In January of 1917, Nigel de Grey, a member of the cryptanalysis section of the British Admiralty — also known as Room 40, for the room in the Admiralty building which housed the team of top cryptanalysts – finished deciphering a coded communiqué from German Foreign Minister Arthur Zimmerman to Heinrich von Eckhardt, Germany’s ambassador to Mexico. De Grey immediately understood the significance of the secret plans he had just uncovered.
This message, which we now know as the Zimmerman Telegram, was destined for Mexican president Venustiano Carranza and contained two critical pieces of information. First, the Germans planned on resuming unrestricted submarine warfare, which had been curtailed through the 1916 Sussex pledge. Second, Germany was proposing that Mexico join the war as its ally. In return for this alliance, Germany would provide financial support and join Mexico in a military engagement with the U.S. to recover some of the territory lost in the Mexican-American War – namely Texas, New Mexico and Arizona.
Up to this point, the United States had remained neutral in what was being called the Great War. The British were desperate to bring the U.S. into the war and de Grey felt this telegram could accomplish that. For its part, Germany was desperate to keep the U.S. out of the conflict and hoped that with Mexico’s help they could keep U.S. troops busy protecting their southern border and at the same time deplete American resources. Mexico had also remained neutral. The country was still embroiled in civil war, and Carranza wanted to avoid agitating either their neighbor to the north or their European friends.
Germany had shown an interest in Mexico for years. During the Mexican Revolution, the German spy Felix Sommerfeld was sent to Mexico to ingratiate himself with revolutionary leaders. He succeeded in becoming a confidante to former president Francisco I. Madero (1911- 1913), Pancho Villa and Carranza himself.
Sommerfeld and Madero were so close that when Madero became president, he put the German in charge of creating and running Mexico’s secret service – the perfect position for intelligence-gathering. Madero and Sommerfeld were rarely seen apart. At the same time, Sommerfeld was sending regular intelligence dispatches to Germany.
By 1914, Mexico was a hotbed of political intrigue and German espionage. By 1917, Germany had reason to believe Mexico might be ready for an alliance.
Meanwhile, in March 1917, the British passed the Zimmerman Telegram along to U.S. President Woodrow Wilson, who had just been re-elected to a second term, largely thanks to the slogan “He kept us out of war.” Wilson was stunned by the audacity of the Germans, reportedly muttering “Good Lord!” repeatedly as he read the message. For Wilson, the telegram changed the calculus on entering the war, and he decided to release the contents to the press.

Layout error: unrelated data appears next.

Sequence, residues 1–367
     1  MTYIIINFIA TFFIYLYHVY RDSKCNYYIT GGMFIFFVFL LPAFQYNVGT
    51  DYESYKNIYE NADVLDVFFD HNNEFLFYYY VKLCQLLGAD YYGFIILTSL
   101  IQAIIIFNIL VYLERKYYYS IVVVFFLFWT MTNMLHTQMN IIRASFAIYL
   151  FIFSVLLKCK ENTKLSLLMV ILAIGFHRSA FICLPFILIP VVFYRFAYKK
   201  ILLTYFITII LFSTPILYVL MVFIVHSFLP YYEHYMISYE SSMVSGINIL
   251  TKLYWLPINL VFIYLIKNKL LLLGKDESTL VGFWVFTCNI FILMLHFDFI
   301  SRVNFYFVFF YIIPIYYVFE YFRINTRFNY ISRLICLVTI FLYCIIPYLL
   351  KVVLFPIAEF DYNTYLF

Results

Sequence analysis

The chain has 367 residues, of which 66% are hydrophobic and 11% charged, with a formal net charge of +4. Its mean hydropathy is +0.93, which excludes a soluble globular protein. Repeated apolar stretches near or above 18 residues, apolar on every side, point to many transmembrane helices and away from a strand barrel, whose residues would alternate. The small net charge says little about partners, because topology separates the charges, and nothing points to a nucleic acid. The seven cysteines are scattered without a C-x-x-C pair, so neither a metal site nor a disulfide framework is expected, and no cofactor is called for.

The telegram’s release was met with public outrage and galvanized support for going to war.
According to the author of “Codebreakers,” David Kahn: “No other single cryptanalysis has had such enormous consequences.”
Some government officials suspected that the telegram was a British ruse to draw the United States into the war. Those suspicions were soon dispelled, however, when Zimmerman himself confirmed the message’s authenticity in a public speech only a few days later.
On April 2, Wilson convened a joint session of Congress and called for a declaration of war.
In Mexico, Carranza had received the telegram. It is unknown whether he seriously considered the proposal. His relationship with the U.S. was a little shaky: Carranza’s rival Pancho Villa had attempted to provoke a crisis between the two countries by raiding Columbus, New Mexico in March 1916. In response, Wilson sent General John J. Pershing on a punitive expedition into Mexico to capture Villa; and though war between Mexico and the U.S. was narrowly avoided, anti-U.S. sentiment was inflamed across Mexico. .
Carranza turned the German proposal over to a military commission for an assessment. The proposal was officially rejected once the commission decided there was no benefit to accepting it. The commission noted that the German government’s promises of “generous financial support” were unreliable, as it had refused financial help to Mexico in 1916. Moreover, still embroiled in civil war and militarily weak, there was no reason to believe that Mexico could actually beat the United States. War would also jeopardize Mexico’s international relations. Even if it did win, the lost territory of Texas, New Mexico and Arizona would be difficult to govern, as it was now populated by an armed, English-speaking population.
Ironically, the mysterious German spy Felix Sommerfeld – who was secretly in charge of the Mexican portion of Germany’s war strategy – became Carranza’s liaison with President Wilson, as he also had well-placed contacts in the United States. There is no indication that Carranza knew Sommerfeld was a German spy.
In the end, Mexico did not enter World War I or start a conflict with the United States, whose entry into the war on the side of the Allies was instrumental in ending the conflict.
Mexico benefited in another way by refusing Germany’s proposal.
The United States had not, up to this point, recognized the political leadership in Mexico. To ensure Mexico’s neutrality in World War I, the United States officially recognized the Carranza government on August 3, 1917, leading to a better relationship between the two countries.
Sheryl Losser is a former public relations executive and professional researcher. She spent 45 years in national politics in the United States. She moved to Mazatlán in 2021 and works part-time doing freelance research and writing.